The building of a south terminal at Orlando International Airport, one of the bigger projects to hit the area in some time, will require plenty of talent from the building community.
The Greater Orlando Aviation Authority is looking for a prime design consultant, an architect, a civil engineer, a mechanical engineer, a system technology consultant and even an international cultural consultant, among other early phase contractors for the terminal project, which was approved by the authority Wednesday.
The authority is planning to start seeking bids Friday. But the project's scope--$1.8 billion over the next four years--means that developers and a myriad of mid- and later-stage contractors will also be called in.
"We're going to grow and we need to be prepared for that demand," said aviation authority Chairman Frank Kruppenbacher as he, and the rest of the board, voted unanimously in favor of the terminal.
As of the end of March, the airport was serving 36.4 million passengers on an annualized basis, getting close to its record 37.2 million set in 2007. There was talk of a southern terminal then, but the recession hit and the project was put on the back burner.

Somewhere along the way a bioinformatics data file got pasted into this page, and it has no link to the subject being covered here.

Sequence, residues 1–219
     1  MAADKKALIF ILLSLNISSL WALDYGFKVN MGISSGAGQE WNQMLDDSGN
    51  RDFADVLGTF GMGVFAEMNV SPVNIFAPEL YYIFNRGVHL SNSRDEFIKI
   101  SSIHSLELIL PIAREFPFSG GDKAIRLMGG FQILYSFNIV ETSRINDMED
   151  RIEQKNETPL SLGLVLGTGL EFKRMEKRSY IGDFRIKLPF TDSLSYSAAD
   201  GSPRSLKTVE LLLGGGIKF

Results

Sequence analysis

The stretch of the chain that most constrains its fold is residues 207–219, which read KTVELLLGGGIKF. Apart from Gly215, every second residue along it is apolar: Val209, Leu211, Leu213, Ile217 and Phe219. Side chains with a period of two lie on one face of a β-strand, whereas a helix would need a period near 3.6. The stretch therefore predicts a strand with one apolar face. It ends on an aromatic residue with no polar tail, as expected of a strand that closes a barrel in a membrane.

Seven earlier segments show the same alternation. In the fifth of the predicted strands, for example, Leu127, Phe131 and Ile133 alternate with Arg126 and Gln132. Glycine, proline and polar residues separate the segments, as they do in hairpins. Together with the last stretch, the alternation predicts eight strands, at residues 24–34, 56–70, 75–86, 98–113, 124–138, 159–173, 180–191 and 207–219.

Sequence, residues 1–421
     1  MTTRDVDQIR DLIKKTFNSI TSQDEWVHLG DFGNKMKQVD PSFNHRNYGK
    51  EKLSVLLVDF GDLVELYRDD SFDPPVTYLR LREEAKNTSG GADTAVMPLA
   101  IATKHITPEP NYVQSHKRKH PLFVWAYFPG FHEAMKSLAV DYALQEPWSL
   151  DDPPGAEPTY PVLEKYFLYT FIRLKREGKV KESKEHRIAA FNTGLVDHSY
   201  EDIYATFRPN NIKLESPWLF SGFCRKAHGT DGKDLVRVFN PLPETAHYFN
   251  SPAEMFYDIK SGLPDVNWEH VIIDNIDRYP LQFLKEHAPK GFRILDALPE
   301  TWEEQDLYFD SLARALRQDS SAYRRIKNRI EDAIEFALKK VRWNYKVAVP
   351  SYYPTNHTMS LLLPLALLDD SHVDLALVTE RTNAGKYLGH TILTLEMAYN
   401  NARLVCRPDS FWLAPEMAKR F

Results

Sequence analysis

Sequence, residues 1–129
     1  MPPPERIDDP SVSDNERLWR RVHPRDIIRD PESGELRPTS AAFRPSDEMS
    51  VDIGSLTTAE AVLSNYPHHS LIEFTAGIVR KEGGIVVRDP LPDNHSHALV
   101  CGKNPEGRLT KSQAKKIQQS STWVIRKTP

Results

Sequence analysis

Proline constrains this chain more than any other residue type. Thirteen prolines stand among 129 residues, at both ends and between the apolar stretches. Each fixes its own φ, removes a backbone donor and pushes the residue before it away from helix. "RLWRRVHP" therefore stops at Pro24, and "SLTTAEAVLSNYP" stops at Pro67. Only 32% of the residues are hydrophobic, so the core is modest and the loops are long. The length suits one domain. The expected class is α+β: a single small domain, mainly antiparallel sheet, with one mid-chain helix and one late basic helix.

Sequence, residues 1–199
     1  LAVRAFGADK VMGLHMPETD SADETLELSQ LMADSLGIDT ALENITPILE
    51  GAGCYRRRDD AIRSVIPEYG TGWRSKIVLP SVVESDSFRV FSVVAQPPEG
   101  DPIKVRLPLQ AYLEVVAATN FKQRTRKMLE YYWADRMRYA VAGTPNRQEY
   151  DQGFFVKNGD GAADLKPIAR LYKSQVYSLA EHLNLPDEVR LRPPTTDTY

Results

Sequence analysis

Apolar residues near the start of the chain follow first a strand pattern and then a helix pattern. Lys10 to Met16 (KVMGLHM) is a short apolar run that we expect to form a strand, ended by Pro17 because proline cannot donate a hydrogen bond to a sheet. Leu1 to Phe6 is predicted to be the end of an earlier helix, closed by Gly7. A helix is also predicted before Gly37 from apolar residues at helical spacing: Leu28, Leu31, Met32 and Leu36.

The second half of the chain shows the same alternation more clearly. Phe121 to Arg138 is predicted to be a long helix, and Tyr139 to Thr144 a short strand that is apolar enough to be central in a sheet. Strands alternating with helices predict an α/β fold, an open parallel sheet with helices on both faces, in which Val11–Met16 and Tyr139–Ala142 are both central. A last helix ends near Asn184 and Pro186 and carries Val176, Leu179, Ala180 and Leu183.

The airport is on a trajectory to soon pass that level, given new carriers that are now flying into Orlando and additional flights by those that already use the airport, said Greater Orlando Aviation Authority Executive Director Phillip Brown.
The authority also heard from Sean Snaith, director of the University of Central Florida's Institute for Economic Competitiveness, who said plans by Disney for a "multi-generational" Star Wars attraction and Emirates' planned service from Dubai to Orlando would bring even more people to Orlando, with Emirates likely being followed by other Asian airlines.
Snaith estimated OIA's passenger count to be 40 million by 2017 and close to 45 million by 2020.
"Orlando is going to become much more accessible and popular," Snaith said.